Monday, February 24, 2014

The Jonathan Meades television essay Bunkers, Brutalism and Bloodymindedness

Having watched both parts of the Jonathan Meades television essay Bunkers, Brutalism and Bloodymindedness, I remain entirely unconvinced by his arguments:  http://www.bbc.co.uk/programmes/b03vrphc

My reaction to these buildings before the programmes was "concrete monstrosities" and my reaction afterwards was "concrete monstrosities".

The Meades thesis seemed to be that such a reaction is based on ignorance.  That calling brutalist buildings concrete monstrosities is no different to 1950s and 1960s opinion formers calling 19th century buildings Victorian monstrosities.  Except that the 1950s and 1960s name callers were the same people who wanted to advance the cause of brutalism - the year zero created by the brutalists was an interruption to the historic continuum, not part of it (those who live by the sword shall die by the sword; personally I want every trace of brutalism eradicated and rejoice that Luton Bus Station has finally been smashed up).

Several times Jonathan Meades said that the collective buildings of the 1960s failed because of poor maintenance.  This is a half-truth.  The massive (private) Dolphin Square development in Pimlico proves that if you charge high enough rents collective residential blocks can be made bearable, even desirable. 

Collective state housing failed because it made people unhappy.  There was no acknowledgement of this in the Jonathan Meades documentary.  The views of the ordinary people were disparaged as "who are these people".

Instead we were offered the consolation of sublimity.  Brutalist buildings have value because they are sublime.  Excuse me Mr Meades, but this is not good enough.  To paraphrase Nadine Dorries, what has sublimity to do with the price of milk.  We are talking about housing for the aspirational C1 and C2 working classes here, families that want individual little "castles", with a garden where the children can play safely.  Sublimity as an ideological concept is associated with the old Turkish Sultans, and we all know what madness, cruelty and torture was encountered by most people unlucky enough to fall into the hands of the Sublime Porte.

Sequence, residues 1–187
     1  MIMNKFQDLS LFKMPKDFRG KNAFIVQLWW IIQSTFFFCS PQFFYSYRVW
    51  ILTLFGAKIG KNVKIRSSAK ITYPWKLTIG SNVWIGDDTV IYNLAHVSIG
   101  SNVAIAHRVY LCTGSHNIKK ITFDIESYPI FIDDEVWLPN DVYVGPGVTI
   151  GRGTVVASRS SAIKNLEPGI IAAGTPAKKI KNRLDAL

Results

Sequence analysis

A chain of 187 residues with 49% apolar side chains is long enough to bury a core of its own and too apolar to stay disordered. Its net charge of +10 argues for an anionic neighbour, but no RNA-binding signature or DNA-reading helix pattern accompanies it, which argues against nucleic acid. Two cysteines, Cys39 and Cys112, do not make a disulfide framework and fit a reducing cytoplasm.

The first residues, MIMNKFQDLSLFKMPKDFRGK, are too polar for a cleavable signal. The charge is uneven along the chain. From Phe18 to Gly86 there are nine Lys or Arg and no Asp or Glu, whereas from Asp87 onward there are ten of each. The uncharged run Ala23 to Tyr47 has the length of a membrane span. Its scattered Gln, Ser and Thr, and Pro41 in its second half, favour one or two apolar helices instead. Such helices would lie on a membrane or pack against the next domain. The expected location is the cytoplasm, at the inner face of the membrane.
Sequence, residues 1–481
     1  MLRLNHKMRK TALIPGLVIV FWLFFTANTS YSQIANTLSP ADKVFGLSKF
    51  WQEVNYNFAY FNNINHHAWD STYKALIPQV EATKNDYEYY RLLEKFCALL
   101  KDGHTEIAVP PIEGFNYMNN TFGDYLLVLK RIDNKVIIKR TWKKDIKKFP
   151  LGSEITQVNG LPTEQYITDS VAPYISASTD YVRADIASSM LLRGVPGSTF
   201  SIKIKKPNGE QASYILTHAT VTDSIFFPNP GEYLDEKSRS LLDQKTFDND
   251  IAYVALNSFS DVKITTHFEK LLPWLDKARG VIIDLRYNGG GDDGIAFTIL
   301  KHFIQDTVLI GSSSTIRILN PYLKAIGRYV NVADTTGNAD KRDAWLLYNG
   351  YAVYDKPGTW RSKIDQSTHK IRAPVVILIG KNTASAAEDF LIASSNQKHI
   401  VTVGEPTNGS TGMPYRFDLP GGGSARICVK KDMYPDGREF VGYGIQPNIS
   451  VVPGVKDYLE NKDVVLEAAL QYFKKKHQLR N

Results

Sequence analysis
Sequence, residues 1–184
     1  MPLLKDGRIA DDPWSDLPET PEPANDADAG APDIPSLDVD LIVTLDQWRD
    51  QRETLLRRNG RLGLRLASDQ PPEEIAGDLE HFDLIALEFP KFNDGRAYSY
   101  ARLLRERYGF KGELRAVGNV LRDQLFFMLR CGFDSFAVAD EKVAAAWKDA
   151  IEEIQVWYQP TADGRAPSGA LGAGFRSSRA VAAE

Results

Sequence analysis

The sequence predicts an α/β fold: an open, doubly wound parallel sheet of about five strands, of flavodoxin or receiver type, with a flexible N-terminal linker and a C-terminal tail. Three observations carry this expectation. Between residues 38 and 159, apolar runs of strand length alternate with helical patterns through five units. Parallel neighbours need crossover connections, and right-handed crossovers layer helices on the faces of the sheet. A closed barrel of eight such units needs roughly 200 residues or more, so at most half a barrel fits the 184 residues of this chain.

Towards the end of the second programme Mr Meades became rather hectoring.  Opposition to modernism in general and brutalism in particular is not only based on ignorance but the worst kind of Little Englander prejudices (Poundbury singled out here).  This is of course the bogus Emperor's New Clothes argument - if you cannot see the quality you are an idiot (a regurgitated dictionary of slighting epithets was used to reinforce how stupid the anti-brutalists must be).

Most outrageous of all was the claim Mr Meades made that brutalism was originally welcomed by a grateful populace.  This is not true - indeed, we must call it an actual lie.  Even as they were being constructed, the majority view was hostile and popular culture of the time reflected this hostility.

In 1970 ITV broadcast a series of science fiction dramas entitled The Adventures of Don Quick.  I have searched YouTube for these programmes to no avail.  However, one episode was called The Higher The Fewer (written by Peter Wildeblood) Here Captain Quick and Sergeant Sam Czopanser land on Melkion 5 where the population live in 2,000 storey tower blocks. In this horrendous society the upper floors are for the privileged rulers (including no doubt architects and television presenters), the lower floors are for the workers (with the heat generated by the proles rising upwards to facilitate the comfort of the loftier apartments).  In The Higher The Fewer we can see a reflection of popular 1970s attitudes towards brutalism and all its evils - no-one wanted the buildings then and no-one wants them now.

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